Eyes on the skies
JANE POYNTER WANTS TO TAKE YOU HIGHER IN A VERY BIG BALLOON —AND GIVE SCIENCE A LIFT TOO
Jane Poynter’s balloon brought fried chicken to the edge of space. Someday the craft could go to Mars.
NOTHING DRAWS ATTENTION TO YOUR NEW PRODUCT LIKE USING it to send fast food into space. In June, Arizona-based World View demonstrated the potential of its pioneering stratollite—a sort of mini satellite that uses a high-altitude balloon to take payloads into the stratosphere—by partnering with KFC to ferry a 5-ounce piece of fried fowl 77,000 feet into the desert sky. “We took a frail chicken sandwich, launched it into space for 17 hours, and when it came back, it was perfect,” says World View CEO Jane Poynter.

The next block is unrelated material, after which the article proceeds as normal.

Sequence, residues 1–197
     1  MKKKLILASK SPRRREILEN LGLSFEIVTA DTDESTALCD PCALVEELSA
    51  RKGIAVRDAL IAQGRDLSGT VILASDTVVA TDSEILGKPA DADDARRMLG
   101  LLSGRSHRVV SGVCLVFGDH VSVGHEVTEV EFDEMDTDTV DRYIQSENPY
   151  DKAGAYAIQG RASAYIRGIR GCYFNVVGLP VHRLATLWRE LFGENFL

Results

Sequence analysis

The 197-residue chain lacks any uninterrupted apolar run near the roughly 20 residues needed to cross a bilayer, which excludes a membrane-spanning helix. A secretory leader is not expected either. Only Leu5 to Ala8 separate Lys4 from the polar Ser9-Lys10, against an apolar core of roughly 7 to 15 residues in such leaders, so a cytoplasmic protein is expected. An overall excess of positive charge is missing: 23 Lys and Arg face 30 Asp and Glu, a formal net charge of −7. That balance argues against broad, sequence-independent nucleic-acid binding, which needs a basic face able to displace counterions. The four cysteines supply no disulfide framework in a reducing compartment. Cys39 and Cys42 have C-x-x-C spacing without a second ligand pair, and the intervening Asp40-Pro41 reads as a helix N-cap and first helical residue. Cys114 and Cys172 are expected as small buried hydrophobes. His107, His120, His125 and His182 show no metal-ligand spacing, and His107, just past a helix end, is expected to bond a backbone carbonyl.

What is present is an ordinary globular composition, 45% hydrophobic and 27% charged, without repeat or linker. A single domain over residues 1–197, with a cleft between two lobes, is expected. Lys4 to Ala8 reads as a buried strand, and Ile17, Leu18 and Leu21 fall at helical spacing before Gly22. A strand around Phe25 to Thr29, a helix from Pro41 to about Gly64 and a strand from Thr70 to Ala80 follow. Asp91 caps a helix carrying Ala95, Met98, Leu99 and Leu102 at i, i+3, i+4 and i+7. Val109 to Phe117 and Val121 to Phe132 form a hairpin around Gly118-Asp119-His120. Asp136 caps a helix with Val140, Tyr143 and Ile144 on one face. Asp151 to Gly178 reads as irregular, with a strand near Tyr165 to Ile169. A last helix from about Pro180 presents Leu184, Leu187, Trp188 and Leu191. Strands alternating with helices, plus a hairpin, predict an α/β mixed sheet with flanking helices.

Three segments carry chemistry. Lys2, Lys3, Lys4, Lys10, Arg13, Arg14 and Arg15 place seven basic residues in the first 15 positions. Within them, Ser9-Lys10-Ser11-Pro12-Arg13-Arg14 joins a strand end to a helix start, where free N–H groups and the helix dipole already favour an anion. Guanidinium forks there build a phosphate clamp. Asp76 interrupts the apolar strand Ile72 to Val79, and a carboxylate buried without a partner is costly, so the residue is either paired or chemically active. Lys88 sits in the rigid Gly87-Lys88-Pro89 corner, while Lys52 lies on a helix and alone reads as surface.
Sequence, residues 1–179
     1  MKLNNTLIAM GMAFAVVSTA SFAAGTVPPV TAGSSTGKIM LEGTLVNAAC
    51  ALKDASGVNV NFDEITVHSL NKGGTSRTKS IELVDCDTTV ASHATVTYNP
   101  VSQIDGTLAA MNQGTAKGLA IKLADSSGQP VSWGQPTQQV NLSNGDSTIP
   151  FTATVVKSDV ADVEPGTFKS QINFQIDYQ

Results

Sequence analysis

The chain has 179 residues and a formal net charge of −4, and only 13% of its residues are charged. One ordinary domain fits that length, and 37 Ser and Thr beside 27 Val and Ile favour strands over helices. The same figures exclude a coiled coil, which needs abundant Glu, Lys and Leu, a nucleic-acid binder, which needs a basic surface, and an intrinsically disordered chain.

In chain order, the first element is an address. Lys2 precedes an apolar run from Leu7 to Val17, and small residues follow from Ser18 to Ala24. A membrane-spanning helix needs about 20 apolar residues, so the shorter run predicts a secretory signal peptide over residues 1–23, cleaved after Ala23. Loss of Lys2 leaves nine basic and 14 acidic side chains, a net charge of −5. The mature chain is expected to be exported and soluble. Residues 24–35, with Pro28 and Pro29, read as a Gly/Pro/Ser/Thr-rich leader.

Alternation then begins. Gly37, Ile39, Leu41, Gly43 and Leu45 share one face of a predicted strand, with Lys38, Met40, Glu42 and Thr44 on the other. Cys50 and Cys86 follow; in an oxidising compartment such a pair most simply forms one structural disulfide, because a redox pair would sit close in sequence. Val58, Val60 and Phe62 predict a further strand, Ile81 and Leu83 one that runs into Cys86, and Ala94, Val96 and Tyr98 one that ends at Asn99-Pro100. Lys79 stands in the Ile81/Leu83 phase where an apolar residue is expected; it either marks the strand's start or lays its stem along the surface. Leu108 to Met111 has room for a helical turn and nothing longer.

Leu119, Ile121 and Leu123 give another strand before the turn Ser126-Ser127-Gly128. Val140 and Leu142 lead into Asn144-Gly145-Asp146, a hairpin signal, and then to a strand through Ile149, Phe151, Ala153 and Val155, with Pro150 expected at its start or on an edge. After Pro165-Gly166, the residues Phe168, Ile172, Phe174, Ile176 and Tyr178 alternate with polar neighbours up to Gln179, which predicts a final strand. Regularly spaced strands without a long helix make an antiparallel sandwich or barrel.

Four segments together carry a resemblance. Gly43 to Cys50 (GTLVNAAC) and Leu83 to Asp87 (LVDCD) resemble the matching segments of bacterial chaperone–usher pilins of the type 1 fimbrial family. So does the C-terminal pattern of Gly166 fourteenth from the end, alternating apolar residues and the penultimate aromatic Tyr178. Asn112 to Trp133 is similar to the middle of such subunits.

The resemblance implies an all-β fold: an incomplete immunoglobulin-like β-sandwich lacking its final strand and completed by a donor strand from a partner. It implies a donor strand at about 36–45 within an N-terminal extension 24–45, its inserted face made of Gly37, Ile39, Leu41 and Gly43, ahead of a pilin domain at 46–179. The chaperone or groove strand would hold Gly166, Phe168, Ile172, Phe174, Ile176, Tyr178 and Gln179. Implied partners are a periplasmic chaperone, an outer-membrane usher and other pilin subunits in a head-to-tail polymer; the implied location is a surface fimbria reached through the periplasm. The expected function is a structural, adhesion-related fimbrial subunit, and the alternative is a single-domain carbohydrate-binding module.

Poynter’s ultimate goal is to send tourists to the edge of space, tethered to the company’s balloons, and to make the final frontier more accessible for research. Stratollites are inexpensive, compact, and highly maneuverable, ideal for monitoring weather patterns and providing military reconnaissance or emergency communications during natural disasters. They can also do what traditional satellites can’t: spend months stationary above a specific location.